FisherBroyles Employment Law Blog

Helping Employers Implement Efficient and Equitable Solutions to their Workplace Problems

FisherBroyles Employment Law Blog

Helping Employers Implement Efficient and Equitable Solutions to their Workplace Problems

FisherBroyles Employment Law Blog

Helping Employers Implement Efficient and Equitable Solutions to their Workplace Problems

Waddya Think? Is The Word “Elderly” Offensive and Ageist?

Words are important; designations and characterizations are important. What people are called is important – for many reasons. Readers know that I collect, among other things, words and comments directed to or describing older workers that are coded ageist comments. Just the other day I summarized a few years’ worth of such coded language: “Perhaps some…
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THE NEXT #METOO MOVEMENT?

It’s the last acceptable discrimination. Two years ago I posted that the forever young Dick Van Dyke, who was then 90 (OMG!), talked about age discrimination, what he called “The last acceptable discrimination.”  He noted that he was told by a salesperson at a Tommy Hilfiger store that “I don’t think you’ll find anything you like here,” and…
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“In China, They Put Women Out To Pasture at Your Age”

I probably don’t need to tell readers about my penchant for collecting cases in which older employees are the object of ageist comments in the workplace. That is, all the different names, expressions, and epithets to which such employees are referred as a proxy for “old.” “For example, you do not call an employee ‘old’…
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We Cannot Hire You Because We Have To Maximize Longevity

Guess what this post is about? It’s been awhile since I’ve seen a new code word or phrase for age discrimination.  A newly-filed EEOC suit gives me the opportunity to recap my collection of such words and phrases. The EEOC just sued a Florida restaurant under the Age Discrimination In Employment Act (“ADEA”), alleging that it…
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Is The “Product” Of Affirmative Action Presumptively “Incompetent?”

In the aftermath of the Supreme Court’s decision upholding the U. of Texas affirmative action plan, I wanted to post a reader’s comment. In my “Alert” last week I quoted Reuters which had just reported that “The U.S. Supreme Court on Thursday upheld the practice of considering race in college admissions, rejecting a white woman’s challenge to a University…
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67-Year Old Employee A “Carry Out” – He Will Pass Away On The Job

As you likely know if you are a reader, I “collect” direct and indirect evidence of age discrimination.  That is, with a zeal and laser-like focus not usually found in attorneys my age (joking!), I search for and post about the different language used by employers to refer to their employees “of a certain age.” …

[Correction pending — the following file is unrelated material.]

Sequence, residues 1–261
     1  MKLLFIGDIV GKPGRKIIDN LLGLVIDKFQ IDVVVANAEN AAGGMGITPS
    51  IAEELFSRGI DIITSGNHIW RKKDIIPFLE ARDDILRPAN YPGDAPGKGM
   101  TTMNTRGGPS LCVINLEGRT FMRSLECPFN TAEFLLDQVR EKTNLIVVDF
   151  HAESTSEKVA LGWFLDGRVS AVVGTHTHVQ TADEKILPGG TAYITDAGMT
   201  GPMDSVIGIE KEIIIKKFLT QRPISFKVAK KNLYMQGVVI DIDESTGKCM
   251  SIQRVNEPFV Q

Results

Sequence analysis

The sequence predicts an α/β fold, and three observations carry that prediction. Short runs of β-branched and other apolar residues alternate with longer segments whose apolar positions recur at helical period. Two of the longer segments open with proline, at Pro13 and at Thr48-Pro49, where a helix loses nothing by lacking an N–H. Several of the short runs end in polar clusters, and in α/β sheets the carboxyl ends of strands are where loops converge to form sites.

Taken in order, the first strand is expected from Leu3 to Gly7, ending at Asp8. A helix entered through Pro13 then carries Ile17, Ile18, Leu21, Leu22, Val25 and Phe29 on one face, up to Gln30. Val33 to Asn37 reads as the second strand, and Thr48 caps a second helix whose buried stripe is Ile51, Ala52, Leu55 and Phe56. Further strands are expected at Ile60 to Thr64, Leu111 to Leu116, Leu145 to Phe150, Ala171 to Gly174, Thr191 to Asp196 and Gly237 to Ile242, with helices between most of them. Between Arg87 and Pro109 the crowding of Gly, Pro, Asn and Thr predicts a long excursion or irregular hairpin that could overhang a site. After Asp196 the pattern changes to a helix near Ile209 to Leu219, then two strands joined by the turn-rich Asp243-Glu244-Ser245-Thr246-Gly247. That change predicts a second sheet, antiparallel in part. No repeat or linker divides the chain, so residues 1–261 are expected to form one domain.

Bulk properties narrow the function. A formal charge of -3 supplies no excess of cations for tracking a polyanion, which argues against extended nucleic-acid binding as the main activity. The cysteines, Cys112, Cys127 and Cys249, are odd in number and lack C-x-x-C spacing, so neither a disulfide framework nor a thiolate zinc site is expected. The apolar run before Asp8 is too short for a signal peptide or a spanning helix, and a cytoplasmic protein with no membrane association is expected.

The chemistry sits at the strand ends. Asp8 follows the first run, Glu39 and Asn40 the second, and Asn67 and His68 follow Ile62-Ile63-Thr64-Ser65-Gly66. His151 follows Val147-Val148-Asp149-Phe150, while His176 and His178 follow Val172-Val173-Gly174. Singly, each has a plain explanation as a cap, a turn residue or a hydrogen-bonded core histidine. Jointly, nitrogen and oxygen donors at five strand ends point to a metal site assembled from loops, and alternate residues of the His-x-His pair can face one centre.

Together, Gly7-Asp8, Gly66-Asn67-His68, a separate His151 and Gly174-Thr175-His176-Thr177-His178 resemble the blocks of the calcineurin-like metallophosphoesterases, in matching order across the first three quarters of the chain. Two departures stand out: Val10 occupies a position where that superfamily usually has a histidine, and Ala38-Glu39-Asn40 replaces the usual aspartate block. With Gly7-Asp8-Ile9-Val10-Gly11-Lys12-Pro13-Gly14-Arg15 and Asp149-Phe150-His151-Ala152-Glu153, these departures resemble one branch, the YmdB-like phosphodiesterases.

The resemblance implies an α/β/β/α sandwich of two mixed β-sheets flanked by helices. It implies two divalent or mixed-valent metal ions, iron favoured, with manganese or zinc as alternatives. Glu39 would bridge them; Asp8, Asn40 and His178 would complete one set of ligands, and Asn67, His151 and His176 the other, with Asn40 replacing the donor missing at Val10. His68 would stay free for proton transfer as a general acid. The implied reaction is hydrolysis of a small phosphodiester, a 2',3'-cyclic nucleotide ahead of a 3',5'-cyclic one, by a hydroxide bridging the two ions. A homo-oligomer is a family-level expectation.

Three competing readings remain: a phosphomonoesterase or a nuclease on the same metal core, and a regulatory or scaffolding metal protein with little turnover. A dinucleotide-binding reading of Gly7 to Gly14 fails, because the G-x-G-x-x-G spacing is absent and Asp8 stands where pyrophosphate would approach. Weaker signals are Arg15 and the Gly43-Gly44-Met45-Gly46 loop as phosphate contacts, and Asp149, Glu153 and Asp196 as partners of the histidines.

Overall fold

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“Clever Men May Easily Conceal Their Motivations” – Leopards, Superman, Kipling and Coded Language

“As we have recognized, ‘clever men may easily conceal their motivations.’”   Just so.   This line was taken from a federal appeals court decision, and quoted in a recent race discrimination employment case. The issue?  Whether the expression “A leopard does not change its spots” is code for racial animus. Ok, that accounts for the leopard reference in the title; but where…
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New Digital Platforms: Answer To Workplace Harassment?

Some interesting things have come out of the recent public meeting of the EEOC’s Select Task Force on the Study of Harassment in the Workplace (“STF”), where workplace experts testified. I found three points most compelling, one of which was novel to me. The EEOC was told that “new digital platforms may provide meaningful ways…
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There Are "Too Many Old, Fat, Ugly And Gray-Haired Employees!"

Just when I was through harping about health care facilities being the target of EEOC suits under the Americans With Disabilities Act, along come a couple of new EEOC lawsuits about my next favorite topic to write about: ageist epithets or what I have called “code words” as evidence of age discrimination. I tells ya there…
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RICHARD COHEN
Richard Cohen has litigated and arbitrated complex corporate, commercial and employment disputes for more than 35 years, and is a trusted advisor to business owners and in-house counsel both in the United States and internationally. His clients have included Fortune 100 companies, domestic and foreign commercial and investment banks, Pacific-rim corporations and real estate development companies, as well as start-up businesses throughout the United States.

Richard Cohen Fisher Broyles

AMY EPSTEIN GLUCK
Amy Epstein Gluck has represented individuals and corporate clients in Virginia, Washington, D.C., and various federal district courts for more than twenty years. Ms. Epstein Gluck’s current practice areas include employment law—advising on and drafting employment agreements; handling employment negotiations, severance agreements, noncompete and nondisclosure agreements, “wrongful terminations” and other EEO matters; representation at the EEOC level; advising employers about discrimination laws and how to remain in compliance, and employment negotiations.

Amy Gluck Fisher Broyles